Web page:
Submitted to: Photosynthesis Research
Publication Type: Peer Reviewed Journal
Publication Acceptance Date: 6/4/2002
Publication Date: 12/20/2002
Citation: TUCKER, D.E., ORT, D.R. LOW TEMPERATURE INDUCES EXPRESSION OF NITRATE REDUCTASE THAT TEMPORARILY OVERRIDES CIRCADIAN REGULATION OF NITRATE REDUCTASE ACTIVITY IN TOMATO. PHOTOSYNTHESIS RESEARCH. 2002. v 74. p. 1-9. Interpretive Summary: Many of the commercially most significant crops in temperature North America are referred to as 'chilling sensitive. Photosynthetic metabolism is among the most chill sensitive process in these plants and the chilling sensitivity of photosynthesis plays a critical role both in limiting the geographical range where these crops are grown as well as accounting for the annual variation in the economic success of these crops grown at the northern border of their cultivation. An improvement of even one degree in the low temperature tolerance would have a far reaching beneficial impact on the agronomy of these important crop species. Our earlier work demonstrated that chilling interrupts the internal timing mechanism of chilling sensitive plants. Since this internal clock is responsible for controlling when during the course of a day that certain genes are expressed and specific proteins made, the interruption caused by chilling would be expected to have adverse effects on photosynthetic metabolism. Our current work reveals that there is a temporary stimulation of NR production caused by chilling which results in toxic byproducts of nitrogen assimilation to accumulate in chilling sensitive plant species. This finding is an important clue in understanding the molecular basis for the chilling sensitive of photosynthesis in crop plants and of interest to agricultural researchers working to improve chilling tolerance.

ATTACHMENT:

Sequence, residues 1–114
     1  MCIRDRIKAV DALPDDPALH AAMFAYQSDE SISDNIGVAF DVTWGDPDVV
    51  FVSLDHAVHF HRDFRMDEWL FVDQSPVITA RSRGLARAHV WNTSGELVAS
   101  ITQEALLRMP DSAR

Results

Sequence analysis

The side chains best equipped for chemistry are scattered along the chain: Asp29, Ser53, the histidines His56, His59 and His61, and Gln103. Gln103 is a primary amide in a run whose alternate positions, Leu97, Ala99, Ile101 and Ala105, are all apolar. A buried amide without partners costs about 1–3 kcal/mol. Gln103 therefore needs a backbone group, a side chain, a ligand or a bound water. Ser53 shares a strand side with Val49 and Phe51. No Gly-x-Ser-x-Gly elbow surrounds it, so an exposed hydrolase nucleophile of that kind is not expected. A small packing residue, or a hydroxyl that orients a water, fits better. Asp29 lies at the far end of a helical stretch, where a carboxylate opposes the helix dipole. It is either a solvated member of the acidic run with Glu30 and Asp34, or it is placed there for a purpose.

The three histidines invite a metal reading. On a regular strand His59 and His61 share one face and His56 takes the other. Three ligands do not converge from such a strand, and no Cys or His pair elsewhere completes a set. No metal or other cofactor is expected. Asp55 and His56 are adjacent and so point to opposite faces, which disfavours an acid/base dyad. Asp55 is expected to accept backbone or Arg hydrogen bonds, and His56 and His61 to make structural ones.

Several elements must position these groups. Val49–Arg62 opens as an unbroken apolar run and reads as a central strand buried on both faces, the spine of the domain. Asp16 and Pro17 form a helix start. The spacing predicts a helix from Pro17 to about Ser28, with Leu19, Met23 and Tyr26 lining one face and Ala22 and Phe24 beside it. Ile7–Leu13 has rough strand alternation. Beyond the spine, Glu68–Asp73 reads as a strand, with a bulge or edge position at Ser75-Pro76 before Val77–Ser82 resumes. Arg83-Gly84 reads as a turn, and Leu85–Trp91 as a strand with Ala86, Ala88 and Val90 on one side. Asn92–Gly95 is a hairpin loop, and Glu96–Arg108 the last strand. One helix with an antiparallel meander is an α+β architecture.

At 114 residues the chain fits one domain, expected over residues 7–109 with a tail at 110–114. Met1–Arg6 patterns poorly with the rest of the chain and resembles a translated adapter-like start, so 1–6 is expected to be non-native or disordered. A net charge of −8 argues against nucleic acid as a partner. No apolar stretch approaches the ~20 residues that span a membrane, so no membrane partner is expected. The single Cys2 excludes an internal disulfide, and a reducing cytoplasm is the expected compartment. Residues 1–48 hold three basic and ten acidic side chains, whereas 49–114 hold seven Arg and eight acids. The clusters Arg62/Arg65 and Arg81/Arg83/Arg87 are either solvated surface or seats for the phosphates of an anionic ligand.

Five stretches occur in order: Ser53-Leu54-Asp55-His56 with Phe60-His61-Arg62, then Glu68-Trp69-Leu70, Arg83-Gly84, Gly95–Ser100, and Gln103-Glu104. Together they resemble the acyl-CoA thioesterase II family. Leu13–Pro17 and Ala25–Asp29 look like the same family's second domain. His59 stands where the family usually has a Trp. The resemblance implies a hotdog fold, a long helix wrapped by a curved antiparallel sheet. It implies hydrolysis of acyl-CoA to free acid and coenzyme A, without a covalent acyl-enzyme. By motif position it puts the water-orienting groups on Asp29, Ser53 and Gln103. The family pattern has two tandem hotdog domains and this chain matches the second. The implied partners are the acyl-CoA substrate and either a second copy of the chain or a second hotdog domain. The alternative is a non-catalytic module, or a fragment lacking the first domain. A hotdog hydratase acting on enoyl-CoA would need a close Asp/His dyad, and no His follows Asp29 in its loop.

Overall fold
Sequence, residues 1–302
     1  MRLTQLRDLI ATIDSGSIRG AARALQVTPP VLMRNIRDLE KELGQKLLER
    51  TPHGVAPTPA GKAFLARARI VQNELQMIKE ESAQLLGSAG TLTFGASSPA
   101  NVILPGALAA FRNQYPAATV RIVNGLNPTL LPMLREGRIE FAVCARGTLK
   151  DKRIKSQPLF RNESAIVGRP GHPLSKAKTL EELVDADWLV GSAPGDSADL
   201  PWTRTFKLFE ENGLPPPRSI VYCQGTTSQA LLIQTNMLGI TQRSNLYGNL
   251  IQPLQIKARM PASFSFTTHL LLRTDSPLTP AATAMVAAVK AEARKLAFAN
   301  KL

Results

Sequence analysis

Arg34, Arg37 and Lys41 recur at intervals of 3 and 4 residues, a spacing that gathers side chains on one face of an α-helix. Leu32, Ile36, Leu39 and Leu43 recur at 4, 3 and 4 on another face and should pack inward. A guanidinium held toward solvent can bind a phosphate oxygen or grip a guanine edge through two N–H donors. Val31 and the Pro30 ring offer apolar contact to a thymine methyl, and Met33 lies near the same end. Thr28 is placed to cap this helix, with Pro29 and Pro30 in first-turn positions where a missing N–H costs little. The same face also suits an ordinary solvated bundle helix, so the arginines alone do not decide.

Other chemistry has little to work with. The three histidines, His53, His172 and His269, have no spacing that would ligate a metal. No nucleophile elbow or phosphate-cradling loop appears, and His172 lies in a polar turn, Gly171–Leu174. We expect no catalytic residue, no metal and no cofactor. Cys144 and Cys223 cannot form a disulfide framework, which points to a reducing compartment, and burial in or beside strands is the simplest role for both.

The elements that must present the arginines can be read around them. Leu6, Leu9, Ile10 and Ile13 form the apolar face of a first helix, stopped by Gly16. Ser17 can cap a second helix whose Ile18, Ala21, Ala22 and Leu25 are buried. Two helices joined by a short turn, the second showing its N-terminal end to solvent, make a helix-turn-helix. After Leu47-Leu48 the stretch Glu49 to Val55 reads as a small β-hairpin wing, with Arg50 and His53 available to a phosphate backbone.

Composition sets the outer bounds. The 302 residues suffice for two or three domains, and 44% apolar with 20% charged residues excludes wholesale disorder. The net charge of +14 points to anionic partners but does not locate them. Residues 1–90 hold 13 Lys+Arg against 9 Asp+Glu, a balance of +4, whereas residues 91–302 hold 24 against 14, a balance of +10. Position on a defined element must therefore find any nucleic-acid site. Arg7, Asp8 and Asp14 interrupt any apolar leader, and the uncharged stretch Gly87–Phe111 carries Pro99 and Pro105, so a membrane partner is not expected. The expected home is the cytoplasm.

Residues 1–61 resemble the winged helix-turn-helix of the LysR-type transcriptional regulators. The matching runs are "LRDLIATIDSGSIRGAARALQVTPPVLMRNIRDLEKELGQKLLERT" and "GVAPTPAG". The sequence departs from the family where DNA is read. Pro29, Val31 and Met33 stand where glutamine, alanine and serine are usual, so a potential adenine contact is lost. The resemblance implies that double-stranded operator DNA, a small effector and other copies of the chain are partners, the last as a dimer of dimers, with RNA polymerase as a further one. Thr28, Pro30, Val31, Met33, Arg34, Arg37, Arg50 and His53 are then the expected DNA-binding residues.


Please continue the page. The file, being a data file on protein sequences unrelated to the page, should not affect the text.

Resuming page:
Technical Abstract: Overnight low-temperature exposure inhibits photosynthesis in chilling-sensitive species, such as tomato and cucumber, by as much as 60 percent. The circadian rhythm controlling the activity of sucrose phosphate synthase (SPS) is delayed in tomato by chilling treatments due an effect of low temperature on the expression of a phosphoprotein phosphatase, perhaps the SPS phosphatase. The activity of nitrate reductase (NR), the first and rate limiting step in the assimilation of nitrate into amino acids in photosynthetic organisms, is subjected to a myriad of regulatory influences including a robust circadian rhythm in activity. The similarity in regulation to SPS suggested that NR might also be subject to low temperature disruptions in its endogenous rhythm in chilling-sensitive species such as tomato. We show here that NR regulation is in fact disrupted by low temperatures, however the change is transient and does not alter the phase of the NR endogenous rhythm following the chill. There is a temporary induction of NR transcription, regardless of the time in the circadian cycle that the chilling episode is initiated, thereby causing an increase in both NR protein and activity. Untimely depletion of reductant and TCA carbon skeletons as well as accumulations of toxic byproducts of nitrogen assimilation that this would cause is likely to be an important contributor to the low temperature induced disruption of metabolism in photosynthetic cells that takes place in chilling sensitive plant species.